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Review: A Murder at Malabar Hill by Sujata Massey

A Murder at Malabar Hill (Perveen Mistry #1) by Sujata Massey

A legally-minded sleuth takes to the streets of 1920s Bombay in a fascinating new mystery.

Introducing Miss Perveen Mistry, the star of an outstanding new crime series. This courageous, likeable and determined young lawyer-turned-sleuth will appeal to readers of Phryne Fisher and Precious Ramotswe in a stunning combination of crime and mystery set in 1920s Bombay.

Armed with a legal education from Oxford, Perveen Mistry has joined her father’s law firm, becoming one of the first female lawyers in India.

Mistry Law has been appointed to execute the will of Mr Omar Farid, a wealthy mill owner who has left three widows behind. But as Perveen examines the paperwork, she notices something strange: all three wives have signed over their full inheritance to a charity. What future will they have?

Perveen is suspicious, especially since one of the widows has signed her form with an X-could she even read the document? The Farid widows live in strict seclusion, never leaving the women’s quarters or speaking to any men. With her own tragic history close to her heart, Perveen worries that the women are vulnerable to injustice.

As Perveen comes closer to the truth, tensions escalate to murder, the widows fall under suspicion and Perveen must figure out what’s really happening on Malabar Hill.

Published 7 January 2020 |  Publisher: Allen & Unwin  |  RRP: AUD$29.99

Buy it at: Dymocks |  Booktopia |  A&R |  QBD

My Blurb (4 / 5 stars)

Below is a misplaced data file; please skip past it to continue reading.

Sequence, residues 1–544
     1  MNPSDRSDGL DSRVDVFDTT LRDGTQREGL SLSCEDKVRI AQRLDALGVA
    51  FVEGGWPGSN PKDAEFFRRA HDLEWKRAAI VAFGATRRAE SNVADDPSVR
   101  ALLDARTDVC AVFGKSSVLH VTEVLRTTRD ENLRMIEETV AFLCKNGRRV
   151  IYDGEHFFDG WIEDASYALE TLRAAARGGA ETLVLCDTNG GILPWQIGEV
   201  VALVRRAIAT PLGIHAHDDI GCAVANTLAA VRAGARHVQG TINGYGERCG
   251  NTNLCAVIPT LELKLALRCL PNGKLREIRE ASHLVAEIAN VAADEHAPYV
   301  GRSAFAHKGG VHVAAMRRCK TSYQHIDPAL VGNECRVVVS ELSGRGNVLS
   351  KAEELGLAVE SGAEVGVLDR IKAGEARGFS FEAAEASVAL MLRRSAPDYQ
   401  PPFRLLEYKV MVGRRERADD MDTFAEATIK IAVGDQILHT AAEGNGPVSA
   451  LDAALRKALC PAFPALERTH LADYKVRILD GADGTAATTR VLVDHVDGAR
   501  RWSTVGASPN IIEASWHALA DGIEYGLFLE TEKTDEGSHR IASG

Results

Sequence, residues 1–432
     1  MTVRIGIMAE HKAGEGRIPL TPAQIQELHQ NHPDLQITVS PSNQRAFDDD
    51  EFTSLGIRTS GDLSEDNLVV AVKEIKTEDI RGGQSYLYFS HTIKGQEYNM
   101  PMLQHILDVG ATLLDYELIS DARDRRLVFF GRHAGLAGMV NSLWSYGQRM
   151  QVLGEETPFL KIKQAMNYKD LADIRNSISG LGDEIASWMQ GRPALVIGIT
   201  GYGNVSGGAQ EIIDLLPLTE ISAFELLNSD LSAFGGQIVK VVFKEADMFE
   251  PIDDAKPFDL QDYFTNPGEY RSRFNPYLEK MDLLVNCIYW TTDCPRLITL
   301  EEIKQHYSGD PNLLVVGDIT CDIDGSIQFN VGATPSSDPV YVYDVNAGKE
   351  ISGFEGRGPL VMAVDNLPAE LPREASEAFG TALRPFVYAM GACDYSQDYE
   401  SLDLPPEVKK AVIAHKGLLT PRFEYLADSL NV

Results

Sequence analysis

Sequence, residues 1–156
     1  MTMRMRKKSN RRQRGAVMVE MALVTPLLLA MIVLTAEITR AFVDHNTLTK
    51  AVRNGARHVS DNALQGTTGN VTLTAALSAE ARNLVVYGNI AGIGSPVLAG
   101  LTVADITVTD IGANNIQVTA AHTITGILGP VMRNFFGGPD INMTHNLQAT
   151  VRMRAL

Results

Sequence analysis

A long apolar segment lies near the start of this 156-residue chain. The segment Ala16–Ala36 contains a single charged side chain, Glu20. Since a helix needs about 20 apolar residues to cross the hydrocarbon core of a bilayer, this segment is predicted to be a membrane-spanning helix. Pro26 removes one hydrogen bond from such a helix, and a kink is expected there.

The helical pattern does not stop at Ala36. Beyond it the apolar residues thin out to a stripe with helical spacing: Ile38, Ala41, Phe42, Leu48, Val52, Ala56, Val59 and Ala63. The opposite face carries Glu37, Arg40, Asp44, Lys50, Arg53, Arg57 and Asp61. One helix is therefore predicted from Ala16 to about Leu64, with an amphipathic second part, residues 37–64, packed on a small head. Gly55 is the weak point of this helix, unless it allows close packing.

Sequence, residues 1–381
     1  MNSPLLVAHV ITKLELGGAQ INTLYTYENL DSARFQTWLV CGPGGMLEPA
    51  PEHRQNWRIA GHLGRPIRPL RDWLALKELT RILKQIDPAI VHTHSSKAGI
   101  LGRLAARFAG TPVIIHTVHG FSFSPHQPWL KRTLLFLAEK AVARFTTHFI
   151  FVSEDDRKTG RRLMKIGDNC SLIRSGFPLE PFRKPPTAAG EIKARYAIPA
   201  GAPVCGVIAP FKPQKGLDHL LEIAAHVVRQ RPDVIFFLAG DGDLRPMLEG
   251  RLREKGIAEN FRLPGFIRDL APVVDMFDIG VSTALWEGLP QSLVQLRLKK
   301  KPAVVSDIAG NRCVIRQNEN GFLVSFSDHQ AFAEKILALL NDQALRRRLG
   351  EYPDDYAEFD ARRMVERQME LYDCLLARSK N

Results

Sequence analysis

There are certain countries I favour for novel settings and India being one of them. However, I do not like to read too many as they are usually quite heartbreaking to read, for example A Fine Balance, which I read 10+ years ago and still haunted me to this day. Being a mystery lover, too, I just could not walk away from this novel.

A Murder at Malabar Hill follows Perveen Mistry as she conducts her business being the first female lawyer in 1921 Bombay. Even as she works in her father’s firm with the full support of her family (one of the best families I’ve ever read in fiction!), she is mostly working behind the scenes (contracts & wills).

One of her father’s client has passed away without a will and his wives live in purdah necessitating the engagement of a house agent to act on their behalf. Paperworks sent to Perveen, however, raised some interesting questions and as a woman, Perveen can actually interview the ladies. In doing so, unfortunately, she has opened a can of worms… Worse than that, a murder! Yet again, she’s the only woman permitted to enter the zenana to question the ladies. This time, she’s actually courting danger.

In between chapters of the ‘present’, there were chapters relating to her life 3 years ago. I didn’t like these chapters because I never liked reading about the way women were treated then. And it wasn’t just the men, it’s how women treat others too which just makes it sadder. Plus, it was rather disruptive to the ‘present’ narrative. Even if there are only 3 years difference in time, this just highlighted again how amazing the Mistry family is especially Pappa Mistry.

A Murder at Malabar Hill is an enjoyable historical mystery set in an exotic place and time featuring an intelligent & courageous female protagonist who seeks a better future for her country and also her sex. I find the novel to be quite respectful about choice – bad or good, it is the individual’s right to make and no other. Best of all, that ‘girl-power’ moment at the end.

Thanks to Allen & Unwin for copy of book in exchange of honest review

About the author

Sujata Massey was born in England to parents from India and Germany, was raised mostly in St. Paul, Minnesota, and lives in Baltimore, Maryland. She was a features reporter for the Baltimore Evening Sun before becoming a full-time novelist. Her novels have won the Agatha, Shamus and Macavity awards and been finalists for the Edgar, Anthony, Harper Lee Legal Fiction and Mary Higgins Clark prizes. A Murder at Malabar Hill was originally published in the United States under the title The Widows of Malabar Hill.

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